The last few months have seen Terra and its associated cryptocurrency LUNA surge in popularity. Is there more to this exponential growth than meets the eye?

Terra, an open-source blockchain platform for algorithmic stablecoins, has been on fire over the last half-year or so. The value of its native crypto asset Terra (LUNA) has risen from $24 to over $100 during the last six months, placing it in the top 10 cryptocurrencies by market capitalization. 

And, even though LUNA has showcased minor corrections here and there, the currency and the Terra project, in general, have continued to grow from strength to strength. To this point, on March 4, LUNA flipped Ether (ETH) in terms of total staked value, with $29.5 billion worth of LUNA being locked up within the platform compared to ETH’s $25.9 billion.

Furthermore, Terra’s native data show that the ecosystem currently has over 230,000 stakers, making it the second-most staked crypto asset with more than four times the number of those staking ETH at 54,768. Lastly, in terms of its annual staking rewards, LUNA touts an average annual yield of around 6.62%, while ETH fetches 4.81%.

With LUNA up over 350% in the last 12 months, a number of pundits have continued to claim that Terra’s aforementioned growth may not be sustainable. In fact, individuals associated with the ecosystem — both for and against — have placed massive bets in regard to where LUNA will be trading around this time next year.

The $1 million bet that has the Terra community buzzing

With LUNA up over 350% in the last 12 months, a number of pundits have continued to claim that Terra’s aforementioned growth may not be sustainable. In fact, individuals associated with the ecosystem — both for and against — have placed massive bets in regard to where LUNA will be trading around this time next year.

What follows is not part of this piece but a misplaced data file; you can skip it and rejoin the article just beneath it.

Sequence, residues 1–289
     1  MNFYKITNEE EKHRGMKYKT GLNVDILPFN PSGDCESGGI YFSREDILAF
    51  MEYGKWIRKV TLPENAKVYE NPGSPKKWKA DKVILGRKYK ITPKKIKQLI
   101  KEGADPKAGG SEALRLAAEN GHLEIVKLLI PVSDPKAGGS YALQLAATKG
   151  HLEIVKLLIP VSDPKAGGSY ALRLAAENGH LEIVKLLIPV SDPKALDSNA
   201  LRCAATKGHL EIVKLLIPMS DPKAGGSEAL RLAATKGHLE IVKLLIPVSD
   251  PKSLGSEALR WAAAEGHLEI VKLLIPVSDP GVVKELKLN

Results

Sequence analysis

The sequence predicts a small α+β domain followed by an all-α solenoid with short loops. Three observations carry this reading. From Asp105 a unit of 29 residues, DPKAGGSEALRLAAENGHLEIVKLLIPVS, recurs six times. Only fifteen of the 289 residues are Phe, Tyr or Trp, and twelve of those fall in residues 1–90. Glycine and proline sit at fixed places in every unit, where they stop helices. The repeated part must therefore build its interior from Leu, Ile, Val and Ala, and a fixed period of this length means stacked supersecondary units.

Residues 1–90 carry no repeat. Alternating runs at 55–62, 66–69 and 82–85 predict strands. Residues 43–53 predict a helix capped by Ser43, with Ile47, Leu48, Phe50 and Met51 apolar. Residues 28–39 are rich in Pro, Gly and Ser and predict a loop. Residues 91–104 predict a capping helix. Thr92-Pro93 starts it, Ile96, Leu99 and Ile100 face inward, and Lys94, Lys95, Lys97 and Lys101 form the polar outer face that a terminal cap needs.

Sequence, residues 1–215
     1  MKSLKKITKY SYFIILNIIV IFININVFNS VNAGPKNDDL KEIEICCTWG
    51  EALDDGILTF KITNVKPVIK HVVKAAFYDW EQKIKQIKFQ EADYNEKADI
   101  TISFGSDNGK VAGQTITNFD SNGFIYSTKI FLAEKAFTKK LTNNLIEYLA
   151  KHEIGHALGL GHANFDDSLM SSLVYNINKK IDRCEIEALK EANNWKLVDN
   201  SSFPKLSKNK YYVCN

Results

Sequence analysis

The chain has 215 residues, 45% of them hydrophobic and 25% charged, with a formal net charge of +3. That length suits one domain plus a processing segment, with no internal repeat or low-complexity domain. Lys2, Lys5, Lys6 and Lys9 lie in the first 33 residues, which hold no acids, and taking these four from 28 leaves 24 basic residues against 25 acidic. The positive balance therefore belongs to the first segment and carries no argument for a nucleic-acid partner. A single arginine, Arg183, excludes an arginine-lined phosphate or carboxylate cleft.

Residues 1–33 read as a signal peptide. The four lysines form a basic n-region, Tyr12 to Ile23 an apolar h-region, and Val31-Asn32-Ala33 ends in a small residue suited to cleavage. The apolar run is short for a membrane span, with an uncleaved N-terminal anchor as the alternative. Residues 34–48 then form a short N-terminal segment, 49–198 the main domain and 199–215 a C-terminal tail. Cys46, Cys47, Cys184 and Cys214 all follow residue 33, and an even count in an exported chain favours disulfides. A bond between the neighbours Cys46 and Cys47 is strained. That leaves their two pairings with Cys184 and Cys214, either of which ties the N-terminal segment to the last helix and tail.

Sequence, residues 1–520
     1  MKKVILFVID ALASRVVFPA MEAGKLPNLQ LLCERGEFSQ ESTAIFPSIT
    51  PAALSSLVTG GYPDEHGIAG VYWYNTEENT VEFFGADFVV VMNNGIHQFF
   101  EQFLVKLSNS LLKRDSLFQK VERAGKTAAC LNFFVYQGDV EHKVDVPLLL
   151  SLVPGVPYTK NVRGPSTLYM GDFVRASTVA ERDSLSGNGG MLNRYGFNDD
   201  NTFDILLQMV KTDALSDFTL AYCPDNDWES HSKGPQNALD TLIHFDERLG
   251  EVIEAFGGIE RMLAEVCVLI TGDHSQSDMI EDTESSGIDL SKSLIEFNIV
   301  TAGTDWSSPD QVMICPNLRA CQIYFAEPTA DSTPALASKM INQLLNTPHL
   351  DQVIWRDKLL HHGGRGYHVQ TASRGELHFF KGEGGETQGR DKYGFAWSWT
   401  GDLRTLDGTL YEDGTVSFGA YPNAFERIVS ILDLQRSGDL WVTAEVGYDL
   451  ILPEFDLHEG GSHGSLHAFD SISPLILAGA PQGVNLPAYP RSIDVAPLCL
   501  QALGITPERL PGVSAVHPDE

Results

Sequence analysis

Pseudonymous crypto trader “Sensei Algod” is so bearish on Terra’s token that he recently wagered $1,000,000 that by March 14, 2023, LUNA will be trading at a price point lower than what it was on the above said date at $88. Algod’s proposition was swiftly taken up by Do Kwon, CEO and founder of Terraform Labs, the firm behind Terra, who also put up the same amount claiming that the cryptocurrency will most definitely be trading at a price point higher than $88 by then.

As conversations between the two escalated via Twitter, the duo eventually decided to seek out the services of Cobie, co-host of the crypto podcast UpOnly, who will serve as an escrow agent facilitating the entire agreement. To elaborate, both Kwon and Algod have locked up a total of $1 million each in Tether (USDT) within an Ethereum address labeled “Cobie: LUNA Bet Escrow.”

Cobie: LUNA Bet Escrow. Source: Etherescan.

Kiril Nikolov, head of DeFi strategy at Nexo, a blockchain-based lending platform, told Cointelegraph that while bets like these can gather a lot of attention, they don’t “really matter” in the grand scheme of things. He added that developers will keep on building on Terra regardless of LUNA’s price or if Do Kwon loses the bet. 

A similar opinion is shared by Derek Lim, head of crypto insights for cryptocurrency exchange Bybit, who told Cointelegraph: